"What is the cradle of democracy doing," Erdogan said. "They are looking for people they can buy with their dollars." And he issued an appeal to other world leaders, saying, "do not, for the sake of a few dollars, sell off your democratic free will."
State Department spokesperson Heather Nauert said the US would "explore various options" following the UN vote. Nauert said the White House and NSC told the State Department on Thursday afternoon that "the President's foreign policy team has been empowered to explore various options going forward with other nations, however no decisions have been made."
Nauert also said, "the UN vote is really not the only factor the administration would take into consideration in dealing with our foreign relations."
But at least one UN analyst said that the US threats about funding had an element of political theater about them, noting it would be hard for the US to pull support from countries such as Yemen, Pakistan or Afghanistan, and that the threats weren't likely to sway votes.
On issues relating to Palestinians, the US and Israel always either find themselves in a minority, or with a handful of other friends like the Marshall Islands in the face of overwhelming majorities in the General Assembly, said Richard Gowan, a New York-based UN expert at the European Council on Foreign Relations.
And despite the threats from Trump, "There's safety in numbers for most members of the UN," Gowan said.
"Smaller countries, poorer countries may get a little nervous when they hear the President's rhetoric," said Gowan, "but they will also gain confidence that all the big members of the Arab bloc are pretty much guaranteed to vote against the US position, as well as the Europeans."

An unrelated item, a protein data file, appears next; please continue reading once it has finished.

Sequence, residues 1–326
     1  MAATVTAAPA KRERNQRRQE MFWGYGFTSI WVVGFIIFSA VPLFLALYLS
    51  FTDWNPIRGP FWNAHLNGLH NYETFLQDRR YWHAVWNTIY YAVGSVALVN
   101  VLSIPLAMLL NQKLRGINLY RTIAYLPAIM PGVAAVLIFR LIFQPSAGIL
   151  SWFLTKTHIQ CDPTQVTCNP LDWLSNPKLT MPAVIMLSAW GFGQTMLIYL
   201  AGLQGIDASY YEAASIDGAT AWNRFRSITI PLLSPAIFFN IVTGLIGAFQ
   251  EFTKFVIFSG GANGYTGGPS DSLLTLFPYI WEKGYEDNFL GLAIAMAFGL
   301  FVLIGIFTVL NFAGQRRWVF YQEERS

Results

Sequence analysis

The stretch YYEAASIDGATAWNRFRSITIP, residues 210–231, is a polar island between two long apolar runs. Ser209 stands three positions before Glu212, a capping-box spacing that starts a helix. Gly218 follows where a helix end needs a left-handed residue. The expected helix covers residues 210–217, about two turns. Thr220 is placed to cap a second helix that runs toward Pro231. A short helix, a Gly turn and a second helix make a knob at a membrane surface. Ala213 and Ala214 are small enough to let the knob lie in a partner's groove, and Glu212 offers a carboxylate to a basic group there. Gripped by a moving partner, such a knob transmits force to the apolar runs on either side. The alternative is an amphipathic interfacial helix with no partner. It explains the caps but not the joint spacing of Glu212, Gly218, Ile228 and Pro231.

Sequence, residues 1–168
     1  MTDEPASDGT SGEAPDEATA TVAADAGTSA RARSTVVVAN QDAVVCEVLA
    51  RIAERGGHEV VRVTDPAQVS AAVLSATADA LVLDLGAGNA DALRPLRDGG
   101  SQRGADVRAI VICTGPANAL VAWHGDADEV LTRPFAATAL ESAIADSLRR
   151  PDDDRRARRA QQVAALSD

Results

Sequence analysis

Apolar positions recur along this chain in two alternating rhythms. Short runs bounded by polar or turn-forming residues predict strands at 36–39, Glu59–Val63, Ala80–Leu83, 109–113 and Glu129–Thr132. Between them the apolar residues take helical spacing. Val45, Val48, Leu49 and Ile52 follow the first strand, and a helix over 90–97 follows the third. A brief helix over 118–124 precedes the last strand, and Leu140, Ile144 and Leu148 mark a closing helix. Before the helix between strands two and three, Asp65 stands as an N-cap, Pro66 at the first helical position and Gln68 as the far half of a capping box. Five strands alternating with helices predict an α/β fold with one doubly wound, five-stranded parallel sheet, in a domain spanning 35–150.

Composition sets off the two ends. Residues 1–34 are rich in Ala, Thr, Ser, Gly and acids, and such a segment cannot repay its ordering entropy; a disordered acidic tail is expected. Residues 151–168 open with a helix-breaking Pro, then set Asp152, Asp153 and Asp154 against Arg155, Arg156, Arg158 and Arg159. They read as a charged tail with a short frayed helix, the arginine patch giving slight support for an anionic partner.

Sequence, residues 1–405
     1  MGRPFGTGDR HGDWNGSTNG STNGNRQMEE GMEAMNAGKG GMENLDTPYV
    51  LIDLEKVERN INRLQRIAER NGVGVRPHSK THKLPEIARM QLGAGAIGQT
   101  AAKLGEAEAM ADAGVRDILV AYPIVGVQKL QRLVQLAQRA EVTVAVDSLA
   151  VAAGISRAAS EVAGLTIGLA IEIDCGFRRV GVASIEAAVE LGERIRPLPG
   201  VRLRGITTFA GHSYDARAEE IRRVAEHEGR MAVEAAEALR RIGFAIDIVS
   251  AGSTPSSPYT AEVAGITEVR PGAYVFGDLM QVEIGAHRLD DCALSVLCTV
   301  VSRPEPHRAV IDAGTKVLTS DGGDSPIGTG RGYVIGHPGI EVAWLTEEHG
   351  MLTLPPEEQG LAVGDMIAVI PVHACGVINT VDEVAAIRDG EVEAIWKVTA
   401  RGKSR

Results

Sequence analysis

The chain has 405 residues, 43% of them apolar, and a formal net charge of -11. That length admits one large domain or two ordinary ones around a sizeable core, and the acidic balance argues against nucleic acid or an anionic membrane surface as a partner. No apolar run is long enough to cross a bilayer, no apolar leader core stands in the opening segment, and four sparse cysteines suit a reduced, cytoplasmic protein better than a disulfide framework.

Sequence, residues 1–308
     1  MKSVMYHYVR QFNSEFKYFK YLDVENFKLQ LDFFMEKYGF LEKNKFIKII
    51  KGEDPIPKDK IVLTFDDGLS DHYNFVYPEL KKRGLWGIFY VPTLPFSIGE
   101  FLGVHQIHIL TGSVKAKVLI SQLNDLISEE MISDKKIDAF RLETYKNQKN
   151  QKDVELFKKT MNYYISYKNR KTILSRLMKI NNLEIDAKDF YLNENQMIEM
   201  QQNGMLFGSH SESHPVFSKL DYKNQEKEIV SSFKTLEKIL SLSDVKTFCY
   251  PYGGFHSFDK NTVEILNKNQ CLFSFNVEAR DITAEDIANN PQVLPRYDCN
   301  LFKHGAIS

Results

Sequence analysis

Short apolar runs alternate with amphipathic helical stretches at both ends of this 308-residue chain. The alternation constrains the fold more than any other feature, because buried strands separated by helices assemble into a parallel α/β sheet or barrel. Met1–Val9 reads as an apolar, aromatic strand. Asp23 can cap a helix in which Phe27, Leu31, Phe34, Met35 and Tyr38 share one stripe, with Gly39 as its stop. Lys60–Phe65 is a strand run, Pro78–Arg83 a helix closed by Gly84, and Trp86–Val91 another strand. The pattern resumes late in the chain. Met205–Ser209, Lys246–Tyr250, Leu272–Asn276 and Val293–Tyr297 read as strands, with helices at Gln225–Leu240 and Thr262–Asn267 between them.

US officials say the decision to recognize Jerusalem and move the US embassy there from Tel Aviv reflects the basic reality. Israel's seat of government sits in Jerusalem, say US officials who add that their decision has no bearing on a final resolution of the conflict between Israelis and Palestinians, or on the fate of holy sites of the world's three largest faiths.
The fate of Jerusalem is so fraught, however, that it is considered a "final status" issue, only to be decided at the end of Israeli-Palestinian peace talks. No country bases their diplomatic mission in Jerusalem as a result.
Apart from Israel, none of the US' closest allies spoke before the vote. "No General Assembly resolution will ever drive us from Jerusalem," said Israel's Ambassador to the UN, Danny Danon. "The United States simply stated a fact. They officially declared what has always been true. Jerusalem always has been and always will be the capital of Israel."